The Wi-Fi Alliance expects WPA3 rollout to ramp up over the next year. For now, it won’t be mandatory in new products. But the next generation of Wi-Fi itself — 802.11ax — is also starting to come out and is expected to hit mass adoption in late 2019; as those devices become available, the Alliance expects the pace of WPA3 adoption to pick up. The Alliance says that, as adoption grows, WPA3 will eventually become a requirement for a device to be considered Wi-Fi certified.

Even though WPA2 is more than a decade old, it hasn’t sat untouched since then. The protocol is still maintained and updated to address new exploits and new protections; the Alliance says WPA3 will be the same way.

In addition to the start of WPA3 certification, the Alliance is also announcing a new, optional Wi-Fi feature called Easy Connect. Easy Connect is meant to simplify the process of connecting smart home gadgets to your router, which can be tricky when they don’t have screens or buttons on them. If the device (and the router it’s connecting to) supports Easy Connect, you’ll be able to scan a QR code with your phone to have the Wi-Fi credentials automatically sent to the new device. While this sounds like a great feature, it’s hard to guess how widely this will roll out, since it requires support from a lot of parties before it would really become useful.

Adoption news is brighter on the WPA3 side of things. Many companies have already announced their support, including Qualcomm, which has already starting making a chip for phones and tablets that supports 802.11ax and WPA3.

BOTTOM LINE:  SO WPA3 will only be implemented on FUTURE ROUTERS 802.11ax :)

 

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What is 802.11ax Wi-Fi, and what will it mean for 802.11ac

https://www.networkworld.com/article/3258807/lan-wan/what-is-802-11ax-wi-fi-and-what-will-it-mean-for-802-11ac.html

 

Each new Wi-Fi standard has brought significant improvements in performance, with the most recent, 802.11ac, offering an impressive theoretical maximum rate of 1.3Gbps.  Unfortunately, these gains have not been enough to keep pace with demand, leading to that exasperated cry heard across airports, malls, hotels, stadiums, homes and offices: “Why is the wireless so slow?”

The IEEE is taking another crack at boosting Wi-Fi performance with a new standard called 802.11ax or High-Efficiency Wireless, which promises a fourfold increase in average throughput per user.

 

802.11ax is designed specifically for high-density public environments, like trains, stadiums and airports. But it also will be beneficial in Internet of Things (IoT) deployments, in heavy-usage homes, in apartment buildings and in offices that use bandwidth-hogging applications like videoconferencing.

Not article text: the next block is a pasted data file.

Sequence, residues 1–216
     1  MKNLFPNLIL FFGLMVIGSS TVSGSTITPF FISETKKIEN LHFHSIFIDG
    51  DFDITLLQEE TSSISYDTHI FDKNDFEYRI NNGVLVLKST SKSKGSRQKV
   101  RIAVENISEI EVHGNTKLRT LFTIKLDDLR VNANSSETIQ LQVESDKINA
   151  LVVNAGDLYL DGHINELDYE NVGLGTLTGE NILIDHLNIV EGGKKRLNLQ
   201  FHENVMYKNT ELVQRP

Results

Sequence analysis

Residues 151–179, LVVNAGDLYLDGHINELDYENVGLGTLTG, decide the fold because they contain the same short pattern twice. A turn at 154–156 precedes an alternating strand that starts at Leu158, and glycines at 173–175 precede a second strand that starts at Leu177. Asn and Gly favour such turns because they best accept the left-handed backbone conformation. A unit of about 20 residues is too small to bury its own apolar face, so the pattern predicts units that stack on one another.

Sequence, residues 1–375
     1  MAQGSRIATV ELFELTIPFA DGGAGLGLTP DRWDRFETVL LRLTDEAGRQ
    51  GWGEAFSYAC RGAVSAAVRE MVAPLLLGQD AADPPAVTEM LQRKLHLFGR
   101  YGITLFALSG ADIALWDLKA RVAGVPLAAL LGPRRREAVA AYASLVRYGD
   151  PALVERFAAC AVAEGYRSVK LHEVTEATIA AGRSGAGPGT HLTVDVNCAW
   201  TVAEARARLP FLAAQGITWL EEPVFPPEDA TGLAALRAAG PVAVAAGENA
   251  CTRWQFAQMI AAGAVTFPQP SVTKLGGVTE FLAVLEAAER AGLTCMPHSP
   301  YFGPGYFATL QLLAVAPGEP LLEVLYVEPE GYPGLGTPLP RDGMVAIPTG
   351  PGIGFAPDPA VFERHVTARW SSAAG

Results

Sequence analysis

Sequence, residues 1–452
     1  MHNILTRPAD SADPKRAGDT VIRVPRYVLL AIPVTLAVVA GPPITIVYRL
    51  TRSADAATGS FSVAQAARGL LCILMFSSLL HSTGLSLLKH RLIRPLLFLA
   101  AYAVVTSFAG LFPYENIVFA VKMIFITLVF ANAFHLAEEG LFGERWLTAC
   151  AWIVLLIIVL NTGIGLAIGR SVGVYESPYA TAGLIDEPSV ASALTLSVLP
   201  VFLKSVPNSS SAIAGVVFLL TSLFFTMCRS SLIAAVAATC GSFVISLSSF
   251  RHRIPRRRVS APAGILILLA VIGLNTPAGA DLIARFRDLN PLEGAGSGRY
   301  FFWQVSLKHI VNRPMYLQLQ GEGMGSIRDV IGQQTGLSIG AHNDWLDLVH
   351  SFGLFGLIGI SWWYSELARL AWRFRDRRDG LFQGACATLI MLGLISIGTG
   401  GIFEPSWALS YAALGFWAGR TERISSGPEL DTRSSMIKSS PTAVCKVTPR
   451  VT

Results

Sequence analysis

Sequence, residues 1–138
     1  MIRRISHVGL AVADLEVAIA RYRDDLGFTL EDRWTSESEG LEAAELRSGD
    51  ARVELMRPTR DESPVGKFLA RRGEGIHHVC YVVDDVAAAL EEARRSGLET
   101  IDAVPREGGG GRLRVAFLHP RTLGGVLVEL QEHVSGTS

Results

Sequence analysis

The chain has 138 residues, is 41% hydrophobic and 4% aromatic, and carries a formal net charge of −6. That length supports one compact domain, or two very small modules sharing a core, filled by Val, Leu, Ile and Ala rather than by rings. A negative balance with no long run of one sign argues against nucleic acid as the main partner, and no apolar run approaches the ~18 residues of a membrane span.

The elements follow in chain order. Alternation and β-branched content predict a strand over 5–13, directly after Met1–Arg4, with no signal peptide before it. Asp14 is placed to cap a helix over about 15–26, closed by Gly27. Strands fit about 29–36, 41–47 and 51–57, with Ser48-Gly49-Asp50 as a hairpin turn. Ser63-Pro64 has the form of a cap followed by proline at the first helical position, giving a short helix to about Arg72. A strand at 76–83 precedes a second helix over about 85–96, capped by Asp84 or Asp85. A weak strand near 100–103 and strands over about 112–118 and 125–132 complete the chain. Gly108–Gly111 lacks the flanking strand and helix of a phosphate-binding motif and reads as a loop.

802.11ax is also designed for cellular data offloading. In this scenario, the cellular network offloads wireless traffic to a complementary Wi-Fi network in cases where local cell reception is poor or in situations where the cell network is being taxed.

Excitement surrounding the new standard is high. Even though the 802.11ax is not expected to be finalized until early 2019, the vendor community is chomping at the bit. Pre-standard chipsets have been shipping since last year and the first 802.11ax routers are currently hitting the market.  In a typical Wi-Fi deployment scenario, early adopters are comfortable using pre-standard products, which readily win certification from the Wi-Fi Alliance after they fully comply with the standard with a firmware upgrade.

What problem is 802.11ax trying to solve?

The fundamental problems with Wi-Fi are that bandwidth is shared among endpoint devices, access points can have overlapping coverage areas, especially in dense deployments, and end users can be moving between access points.

The current solution, based on a technology from the old shared Ethernet days called Carrier Sense Multiple Access with Collision Avoidance (CSMA/CA), requires endpoints to listen for an all-clear signal before transmitting. In the event of interference, congestion or collision, the endpoint goes into a back-off procedure, waits for the all-clear, then transmits.

In a crowded stadium, a busy airport or a packed train with hundreds, even thousands, of end users attempting to stream video at the same time, the system loses efficiency and performance suffers.

The good news is that 802.11ax promises improved performance, extended coverage and longer battery life.  802.11ax can deliver a single stream at 3.5Gbps, and with new multiplexing technology borrowed from the world of LTE cellular, can deliver four simultaneous streams to a single endpoint for a total theoretical bandwidth of an astounding 14Gbps.